Kevin Kwan at the premiere of "Crazy Rich Asians". Source: BBC

MHA doesn’t want to search its archives and says Kevin Kwan didn’t enter SG after 2000

Mr Sunny Lee, Director of Media Relations from the Ministry of Home Affairs (MHA) responded to public enquiries about Kevin Kwan today ('No records of Kevin Kwan entering Singapore since 2000: MHA', 29 Aug).

Earlier, members of public Mr Liew Yeng Chee and Mr Sean Lim wrote to Straits Times, asking how Kevin Kwan, an NS defaulter, succeeded in giving Singapore authorities the slip by entering and leaving Singapore while on the wanted list.

Mr Sean Lim said, "It appears he (Kevin Kwan) managed to give the authorities the slip, and the various agencies need to explain why there is this loophole in the law."

"I was surprised that he was not even detected by our immigration officials, given the tight security and scrutiny at our borders," he added.

Kevin Kwan is the author of the book, 'Crazy Rich Asians', which was successfully adapted into a movie. Straits Times broke the story last week that Mr Kwan has in fact defaulted on his NS obligations ('Kevin Kwan, author of Crazy Rich Asians, defaulted on his NS obligations: Mindef', 22 Aug).

He failed to register for NS in 1990 and stayed overseas without a valid exit permit, MINDEF said. In 1994, his application and subsequent appeal to renounce his Singapore citizenship without serving NS were rejected.

But ST also revealed that Mr Kwan has returned back to Singapore on occasions.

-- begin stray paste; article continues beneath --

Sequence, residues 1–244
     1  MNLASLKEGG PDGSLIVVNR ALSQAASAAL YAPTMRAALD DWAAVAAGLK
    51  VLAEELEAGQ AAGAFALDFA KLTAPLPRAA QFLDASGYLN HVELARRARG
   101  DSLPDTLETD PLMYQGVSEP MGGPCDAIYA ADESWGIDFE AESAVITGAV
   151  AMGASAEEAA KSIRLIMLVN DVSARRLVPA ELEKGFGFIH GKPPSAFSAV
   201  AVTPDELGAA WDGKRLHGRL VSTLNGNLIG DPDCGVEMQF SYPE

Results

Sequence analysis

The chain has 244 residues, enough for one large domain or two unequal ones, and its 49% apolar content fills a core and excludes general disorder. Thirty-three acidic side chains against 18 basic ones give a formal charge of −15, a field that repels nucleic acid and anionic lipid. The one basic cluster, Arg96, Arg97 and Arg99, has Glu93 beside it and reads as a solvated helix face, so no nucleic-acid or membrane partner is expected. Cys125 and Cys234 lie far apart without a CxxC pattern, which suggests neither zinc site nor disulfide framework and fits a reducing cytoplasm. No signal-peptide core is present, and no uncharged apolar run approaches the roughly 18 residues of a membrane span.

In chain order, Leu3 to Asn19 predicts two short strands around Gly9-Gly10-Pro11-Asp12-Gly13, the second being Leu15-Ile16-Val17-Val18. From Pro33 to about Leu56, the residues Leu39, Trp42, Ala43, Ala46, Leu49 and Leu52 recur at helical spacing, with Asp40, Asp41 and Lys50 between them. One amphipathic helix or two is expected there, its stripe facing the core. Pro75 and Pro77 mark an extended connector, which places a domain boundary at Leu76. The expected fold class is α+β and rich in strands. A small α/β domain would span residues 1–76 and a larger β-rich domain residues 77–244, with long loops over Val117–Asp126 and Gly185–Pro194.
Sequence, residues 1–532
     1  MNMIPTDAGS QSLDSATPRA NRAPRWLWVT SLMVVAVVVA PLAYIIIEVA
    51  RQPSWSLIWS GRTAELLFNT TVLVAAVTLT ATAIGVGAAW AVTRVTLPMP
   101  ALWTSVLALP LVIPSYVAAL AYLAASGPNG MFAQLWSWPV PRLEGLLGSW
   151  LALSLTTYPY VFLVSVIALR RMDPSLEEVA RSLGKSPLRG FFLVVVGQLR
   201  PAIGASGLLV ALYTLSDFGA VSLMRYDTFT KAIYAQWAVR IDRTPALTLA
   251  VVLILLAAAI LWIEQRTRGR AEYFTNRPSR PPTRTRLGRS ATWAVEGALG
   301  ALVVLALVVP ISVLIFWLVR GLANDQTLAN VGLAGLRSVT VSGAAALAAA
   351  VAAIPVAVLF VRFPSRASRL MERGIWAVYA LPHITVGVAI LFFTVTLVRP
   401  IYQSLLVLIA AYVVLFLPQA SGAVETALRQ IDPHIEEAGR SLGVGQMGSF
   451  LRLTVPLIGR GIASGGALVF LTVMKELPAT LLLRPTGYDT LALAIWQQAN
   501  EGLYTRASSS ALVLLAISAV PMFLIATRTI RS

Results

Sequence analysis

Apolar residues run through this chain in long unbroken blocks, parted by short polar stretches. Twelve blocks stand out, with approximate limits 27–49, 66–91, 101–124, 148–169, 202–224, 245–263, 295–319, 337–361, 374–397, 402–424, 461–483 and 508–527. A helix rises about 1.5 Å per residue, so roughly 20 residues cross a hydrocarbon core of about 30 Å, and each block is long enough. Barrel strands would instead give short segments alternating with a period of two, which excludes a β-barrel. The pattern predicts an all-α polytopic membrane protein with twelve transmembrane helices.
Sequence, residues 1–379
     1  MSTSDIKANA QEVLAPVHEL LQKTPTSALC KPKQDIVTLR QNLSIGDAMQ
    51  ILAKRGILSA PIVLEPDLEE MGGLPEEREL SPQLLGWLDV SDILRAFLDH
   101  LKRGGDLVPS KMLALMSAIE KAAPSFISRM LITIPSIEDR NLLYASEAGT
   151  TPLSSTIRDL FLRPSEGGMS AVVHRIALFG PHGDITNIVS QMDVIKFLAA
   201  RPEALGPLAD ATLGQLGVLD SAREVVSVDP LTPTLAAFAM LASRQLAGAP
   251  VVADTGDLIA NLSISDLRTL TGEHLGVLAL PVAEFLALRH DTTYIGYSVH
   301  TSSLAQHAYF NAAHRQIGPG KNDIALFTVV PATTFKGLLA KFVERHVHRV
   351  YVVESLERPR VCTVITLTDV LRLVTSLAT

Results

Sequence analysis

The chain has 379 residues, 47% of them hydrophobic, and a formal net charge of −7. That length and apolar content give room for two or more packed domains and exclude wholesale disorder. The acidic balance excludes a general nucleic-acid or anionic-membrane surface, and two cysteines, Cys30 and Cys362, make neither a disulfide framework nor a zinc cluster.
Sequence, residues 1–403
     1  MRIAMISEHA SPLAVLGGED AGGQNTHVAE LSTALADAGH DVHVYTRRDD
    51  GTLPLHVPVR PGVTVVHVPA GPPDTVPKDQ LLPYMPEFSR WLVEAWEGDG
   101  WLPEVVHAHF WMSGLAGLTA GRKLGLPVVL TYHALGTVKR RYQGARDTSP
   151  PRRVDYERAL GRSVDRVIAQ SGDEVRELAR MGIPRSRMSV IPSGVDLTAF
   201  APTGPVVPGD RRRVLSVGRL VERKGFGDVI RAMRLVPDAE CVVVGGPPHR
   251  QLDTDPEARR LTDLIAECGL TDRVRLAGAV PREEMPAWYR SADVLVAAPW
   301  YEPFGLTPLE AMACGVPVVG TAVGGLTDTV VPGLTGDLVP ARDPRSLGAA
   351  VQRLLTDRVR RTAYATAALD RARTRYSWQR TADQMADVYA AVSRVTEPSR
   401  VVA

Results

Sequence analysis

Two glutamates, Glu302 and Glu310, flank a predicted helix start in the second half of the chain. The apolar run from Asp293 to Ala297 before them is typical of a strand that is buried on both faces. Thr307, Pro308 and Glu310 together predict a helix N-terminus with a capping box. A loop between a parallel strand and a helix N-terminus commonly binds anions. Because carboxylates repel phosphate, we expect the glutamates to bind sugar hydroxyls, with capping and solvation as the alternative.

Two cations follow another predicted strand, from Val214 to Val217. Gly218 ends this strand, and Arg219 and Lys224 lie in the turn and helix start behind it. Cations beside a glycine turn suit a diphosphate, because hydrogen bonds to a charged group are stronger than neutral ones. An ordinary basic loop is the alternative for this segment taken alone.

"He does not often return to Singapore, although when he does, he goes in search of a good wanton mee, which he says is impossible to find in New York. His favorite hawker joint is Newton Food Centre," ST reported.

Too much work to search through archives

Writing on behalf of MHA, Mr Sunny Lee said, "Singapore does not allow dual citizenship. It is important that our citizens have a firm commitment to build a future here together. Allowing dual citizenship would dilute this commitment."

"As Mr Kevin Kwan has not discharged his national service (NS) duties, his previous attempts to renounce his Singapore citizenship were rejected, and the Government has not deprived Mr Kwan of his citizenship," the MHA spokesperson added.

"Mr Kwan remains a Singapore citizen who is wanted for defaulting on his NS obligations, and will be arrested if he enters Singapore. As far as we can ascertain, there are no records of him having entered Singapore since 2000."

But Mr Lee also added, "As travel records prior to 2000 have been archived on microfilm, it would require a massive manual search through voluminous records to ascertain if he had entered Singapore before 2000."

In other words, MHA would rather forgo searching through its archives to find out if there were indeed loopholes in their systems and conveniently tell the public that there were no records of Kevin Kwan having entered Singapore "since 2000".

It's not just NS defaulters who may take advantage of such loopholes, if any, to enter Singapore but the fear is that more serious criminals like known terrorists might want to take similar advantage too if they knew about such loopholes.

In any case, top Singapore civil servants like permanent secretaries are paid millions to do their job. If such simple but important matter like going through old archives to ascertain if there are loopholes in our border system is taken nonchalantly, perhaps they are not worth their salt.